A Star for Mrs. Blake, April Smith
In the early 1930s, the U.S. government sent thousands of Gold Star Mothers, women whose sons were killed in World War I, to France to visit their sons’ graves. Smith’s novel follows five Gold Star Mothers to Paris and Verdun, on what is supposed to be an important journey for them all. I was frustrated by the slow start and a few odd plot points, and I wasn’t sure the trip changed anything for some of the women. But the setting was fascinating – a forgotten piece of history. To review for Shelf Awareness (out Jan. 14).
Harry Potter and the Goblet of Fire, J.K. Rowling
The Triwizard Tournament is on at Hogwarts, and Harry might just be champion – if he survives the competition. Lots of wonderful magic here, and several new, important characters (Mad-Eye Moody, Fleur Delacour, Viktor Krum). The ending is both terrifying and sad, with shadows of what’s to come. But the book isn’t all darkness. It includes one of my favorite funny lines in the whole series: “Just then, Neville caused a slight diversion by turning into a large canary.”
Harry Potter and the Order of the Phoenix, J.K. Rowling
The ending of this book breaks my heart right in half every time. But I love it – I love Dumbledore’s Army, the ongoing development of Harry’s story, the students’ (and teachers’) subversive campaign against that foul Professor Umbridge. We meet Tonks, whom I love, and we see more of Sirius, Lupin and the Weasleys, whom I adore. And the drumbeat starts at the end: Harry is now finally, fully aware of who he is and what he has to do.
Lost Lake, Sarah Addison Allen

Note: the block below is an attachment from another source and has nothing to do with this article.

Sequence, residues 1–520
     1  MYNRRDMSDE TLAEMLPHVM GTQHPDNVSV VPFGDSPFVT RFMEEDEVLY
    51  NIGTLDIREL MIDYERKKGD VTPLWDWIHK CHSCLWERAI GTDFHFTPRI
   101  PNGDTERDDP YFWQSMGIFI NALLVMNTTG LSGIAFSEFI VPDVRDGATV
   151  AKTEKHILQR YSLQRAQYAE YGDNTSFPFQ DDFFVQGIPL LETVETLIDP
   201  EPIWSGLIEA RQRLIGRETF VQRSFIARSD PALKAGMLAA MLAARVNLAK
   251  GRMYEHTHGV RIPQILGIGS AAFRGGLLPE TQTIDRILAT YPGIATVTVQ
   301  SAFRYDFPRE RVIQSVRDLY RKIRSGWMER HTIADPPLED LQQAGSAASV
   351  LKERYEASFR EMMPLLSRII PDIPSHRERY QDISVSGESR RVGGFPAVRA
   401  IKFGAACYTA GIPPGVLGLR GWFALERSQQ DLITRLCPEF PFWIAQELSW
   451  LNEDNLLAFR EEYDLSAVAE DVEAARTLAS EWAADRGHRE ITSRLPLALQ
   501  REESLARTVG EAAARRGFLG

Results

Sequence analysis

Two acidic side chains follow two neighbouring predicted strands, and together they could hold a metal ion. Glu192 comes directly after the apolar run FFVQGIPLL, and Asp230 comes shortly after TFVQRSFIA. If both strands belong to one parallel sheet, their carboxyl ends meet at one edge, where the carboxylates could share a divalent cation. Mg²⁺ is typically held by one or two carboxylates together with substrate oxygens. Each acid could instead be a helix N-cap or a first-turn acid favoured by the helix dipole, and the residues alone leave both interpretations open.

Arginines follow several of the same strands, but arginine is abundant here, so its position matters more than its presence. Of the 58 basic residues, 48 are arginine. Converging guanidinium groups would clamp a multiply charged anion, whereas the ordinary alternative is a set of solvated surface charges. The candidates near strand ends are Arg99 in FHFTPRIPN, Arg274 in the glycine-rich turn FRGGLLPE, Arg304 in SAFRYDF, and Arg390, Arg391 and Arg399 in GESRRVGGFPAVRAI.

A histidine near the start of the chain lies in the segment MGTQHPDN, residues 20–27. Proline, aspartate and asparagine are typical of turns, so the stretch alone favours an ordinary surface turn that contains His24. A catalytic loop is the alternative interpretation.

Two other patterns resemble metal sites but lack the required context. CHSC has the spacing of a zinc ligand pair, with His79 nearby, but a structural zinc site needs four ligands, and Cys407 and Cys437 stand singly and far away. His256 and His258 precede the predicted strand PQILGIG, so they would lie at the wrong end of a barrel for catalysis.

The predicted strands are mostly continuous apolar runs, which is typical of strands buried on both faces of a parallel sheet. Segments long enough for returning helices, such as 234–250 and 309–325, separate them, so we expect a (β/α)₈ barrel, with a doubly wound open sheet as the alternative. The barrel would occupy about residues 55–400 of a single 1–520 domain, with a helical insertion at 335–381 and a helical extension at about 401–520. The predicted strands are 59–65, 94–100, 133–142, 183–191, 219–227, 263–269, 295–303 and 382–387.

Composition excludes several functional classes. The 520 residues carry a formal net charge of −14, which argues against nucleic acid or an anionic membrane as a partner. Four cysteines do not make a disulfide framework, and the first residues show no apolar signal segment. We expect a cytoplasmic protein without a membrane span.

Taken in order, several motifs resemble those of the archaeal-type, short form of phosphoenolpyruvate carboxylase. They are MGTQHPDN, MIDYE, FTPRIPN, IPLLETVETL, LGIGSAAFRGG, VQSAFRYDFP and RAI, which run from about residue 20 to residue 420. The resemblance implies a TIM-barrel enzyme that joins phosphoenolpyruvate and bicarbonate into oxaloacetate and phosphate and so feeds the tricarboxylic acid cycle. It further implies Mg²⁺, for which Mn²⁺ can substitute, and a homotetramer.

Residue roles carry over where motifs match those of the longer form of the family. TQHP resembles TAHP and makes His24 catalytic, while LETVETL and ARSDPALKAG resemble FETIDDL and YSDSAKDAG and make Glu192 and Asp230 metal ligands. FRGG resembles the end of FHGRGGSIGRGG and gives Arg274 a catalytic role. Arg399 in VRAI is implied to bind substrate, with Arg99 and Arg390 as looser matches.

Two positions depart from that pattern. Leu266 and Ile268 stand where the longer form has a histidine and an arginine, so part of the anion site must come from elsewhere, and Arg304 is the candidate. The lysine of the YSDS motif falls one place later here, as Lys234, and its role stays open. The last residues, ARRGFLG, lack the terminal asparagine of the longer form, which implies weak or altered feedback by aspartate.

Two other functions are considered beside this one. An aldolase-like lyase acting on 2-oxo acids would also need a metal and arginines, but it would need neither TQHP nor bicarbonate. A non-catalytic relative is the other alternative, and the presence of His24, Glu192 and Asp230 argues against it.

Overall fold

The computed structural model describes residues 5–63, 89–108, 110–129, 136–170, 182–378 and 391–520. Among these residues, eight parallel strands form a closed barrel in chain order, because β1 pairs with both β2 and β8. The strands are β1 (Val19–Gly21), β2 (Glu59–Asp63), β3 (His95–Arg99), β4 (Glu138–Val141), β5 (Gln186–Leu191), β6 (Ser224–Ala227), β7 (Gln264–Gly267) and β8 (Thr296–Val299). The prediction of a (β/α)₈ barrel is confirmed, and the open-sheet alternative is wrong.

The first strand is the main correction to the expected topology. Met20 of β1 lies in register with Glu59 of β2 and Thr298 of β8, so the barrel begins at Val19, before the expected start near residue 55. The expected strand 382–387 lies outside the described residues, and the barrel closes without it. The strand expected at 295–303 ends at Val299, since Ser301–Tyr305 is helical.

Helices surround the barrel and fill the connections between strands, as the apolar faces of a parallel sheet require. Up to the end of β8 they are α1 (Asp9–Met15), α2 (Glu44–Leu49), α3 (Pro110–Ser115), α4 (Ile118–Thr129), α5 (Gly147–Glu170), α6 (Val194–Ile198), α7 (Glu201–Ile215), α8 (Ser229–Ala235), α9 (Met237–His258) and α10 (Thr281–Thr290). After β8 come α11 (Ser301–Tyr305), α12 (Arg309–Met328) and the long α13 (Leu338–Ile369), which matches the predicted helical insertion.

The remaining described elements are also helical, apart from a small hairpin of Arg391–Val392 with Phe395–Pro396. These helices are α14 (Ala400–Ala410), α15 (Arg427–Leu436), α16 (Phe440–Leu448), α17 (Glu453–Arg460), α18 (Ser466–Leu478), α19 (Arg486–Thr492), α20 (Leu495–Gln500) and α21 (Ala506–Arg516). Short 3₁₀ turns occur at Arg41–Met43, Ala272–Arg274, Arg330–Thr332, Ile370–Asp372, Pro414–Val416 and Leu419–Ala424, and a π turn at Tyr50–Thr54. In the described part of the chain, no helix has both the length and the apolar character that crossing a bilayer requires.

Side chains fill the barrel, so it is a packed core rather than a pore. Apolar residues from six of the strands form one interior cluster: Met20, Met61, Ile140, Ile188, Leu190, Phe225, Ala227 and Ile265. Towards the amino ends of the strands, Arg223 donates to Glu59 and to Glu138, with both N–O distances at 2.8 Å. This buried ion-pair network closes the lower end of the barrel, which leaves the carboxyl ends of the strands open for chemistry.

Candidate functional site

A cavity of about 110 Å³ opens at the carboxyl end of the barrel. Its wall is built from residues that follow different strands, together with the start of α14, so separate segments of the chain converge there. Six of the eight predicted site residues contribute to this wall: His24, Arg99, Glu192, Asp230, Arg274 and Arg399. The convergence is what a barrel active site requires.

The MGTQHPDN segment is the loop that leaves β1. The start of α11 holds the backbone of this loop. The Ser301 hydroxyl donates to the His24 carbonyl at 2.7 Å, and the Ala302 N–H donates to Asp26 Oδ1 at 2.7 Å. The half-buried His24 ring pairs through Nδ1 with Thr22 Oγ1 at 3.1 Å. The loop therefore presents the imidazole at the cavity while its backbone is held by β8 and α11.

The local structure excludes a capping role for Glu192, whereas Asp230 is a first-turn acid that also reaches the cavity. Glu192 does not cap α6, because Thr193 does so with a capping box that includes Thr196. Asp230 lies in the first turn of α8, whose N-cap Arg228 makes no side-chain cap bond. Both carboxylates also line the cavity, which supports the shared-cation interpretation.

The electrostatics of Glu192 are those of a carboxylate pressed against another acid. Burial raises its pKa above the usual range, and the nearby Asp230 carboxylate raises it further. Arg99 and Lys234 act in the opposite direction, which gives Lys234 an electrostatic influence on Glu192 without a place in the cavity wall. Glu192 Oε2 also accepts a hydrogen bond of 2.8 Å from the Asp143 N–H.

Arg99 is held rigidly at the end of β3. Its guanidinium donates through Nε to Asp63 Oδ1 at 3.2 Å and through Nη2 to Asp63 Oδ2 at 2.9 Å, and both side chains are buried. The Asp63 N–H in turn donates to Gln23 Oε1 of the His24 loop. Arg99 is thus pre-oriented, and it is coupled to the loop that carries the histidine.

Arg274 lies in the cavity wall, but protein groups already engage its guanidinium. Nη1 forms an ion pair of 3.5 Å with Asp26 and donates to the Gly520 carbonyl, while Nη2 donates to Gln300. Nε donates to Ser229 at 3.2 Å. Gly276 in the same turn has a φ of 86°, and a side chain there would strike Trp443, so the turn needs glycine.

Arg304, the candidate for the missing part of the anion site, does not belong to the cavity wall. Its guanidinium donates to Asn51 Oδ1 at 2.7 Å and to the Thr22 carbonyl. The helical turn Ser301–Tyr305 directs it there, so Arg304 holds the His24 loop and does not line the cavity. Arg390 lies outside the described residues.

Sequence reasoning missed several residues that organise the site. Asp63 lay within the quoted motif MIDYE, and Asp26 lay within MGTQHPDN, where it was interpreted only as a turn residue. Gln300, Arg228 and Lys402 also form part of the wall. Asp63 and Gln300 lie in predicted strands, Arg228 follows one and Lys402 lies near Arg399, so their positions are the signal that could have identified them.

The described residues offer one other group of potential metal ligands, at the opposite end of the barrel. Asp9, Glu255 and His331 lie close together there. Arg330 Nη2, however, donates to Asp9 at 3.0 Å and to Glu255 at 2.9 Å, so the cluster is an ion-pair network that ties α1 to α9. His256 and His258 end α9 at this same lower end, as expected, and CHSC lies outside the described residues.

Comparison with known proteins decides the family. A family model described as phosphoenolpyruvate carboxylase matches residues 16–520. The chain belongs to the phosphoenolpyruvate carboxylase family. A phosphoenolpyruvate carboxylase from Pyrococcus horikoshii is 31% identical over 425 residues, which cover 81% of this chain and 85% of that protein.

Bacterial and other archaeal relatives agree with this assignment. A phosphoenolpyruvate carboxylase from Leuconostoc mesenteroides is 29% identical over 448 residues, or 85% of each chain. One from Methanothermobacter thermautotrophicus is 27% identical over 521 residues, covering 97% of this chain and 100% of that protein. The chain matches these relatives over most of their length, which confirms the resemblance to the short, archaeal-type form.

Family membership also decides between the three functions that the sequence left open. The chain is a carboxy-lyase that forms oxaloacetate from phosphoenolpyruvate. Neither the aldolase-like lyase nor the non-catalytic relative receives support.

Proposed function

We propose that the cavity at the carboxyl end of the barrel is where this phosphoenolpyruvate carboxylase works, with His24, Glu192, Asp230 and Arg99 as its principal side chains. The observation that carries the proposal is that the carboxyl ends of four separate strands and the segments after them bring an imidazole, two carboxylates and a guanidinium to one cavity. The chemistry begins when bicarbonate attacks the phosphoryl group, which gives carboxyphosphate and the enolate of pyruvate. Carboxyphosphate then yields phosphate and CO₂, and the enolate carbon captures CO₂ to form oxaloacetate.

I enjoyed Allen’s The Peach Keeper and loved her debut, Garden Spells. Her new novel takes us to a run-down but magical lake resort in Georgia, where Kate spent a wonderful summer when she was 12. Now Kate’s great-aunt Eby is planning to sell the resort, right as Kate (newly widowed) and her daughter, Devin, arrive for a visit. A story of love, loss and new beginnings, with a bit of magical realism (Allen’s signature). To review for Shelf Awareness (out Jan. 21).
Harry Potter and the Half-Blood Prince, J.K. Rowling
The copious “snogging” in this book makes me laugh, but the story grows steadily darker, as Harry learns more about the boy who became Voldemort and the cruel measures he took to protect himself from death. This is also, though he doesn’t know it, Harry’s last year at Hogwarts – just one of the reasons the ending makes me cry. So, so good.
Harry Potter and the Deathly Hallows, J.K. Rowling
After a desperate escape from Privet Drive and a brief respite at The Burrow, Harry, Ron and Hermione are on the run, hunting Horcruxes and trying to avoid capture by Death Eaters. This last book is fast-paced, heartbreaking and powerful, and the last few chapters answer so many questions (and make me weep for all kinds of reasons). A fantastic end to one of my very favorite series.
A Question of Honor, Charles Todd
World War I nurse Bess Crawford investigates another mystery, this one related to a murder case from her childhood in India. The mystery plot was compelling, but Bess’ constant back-and-forth movements from England to France didn’t seem to relate to the story. And she’s unbelievably dense regarding the man who loves her. Not my favorite in the series, but still interesting.
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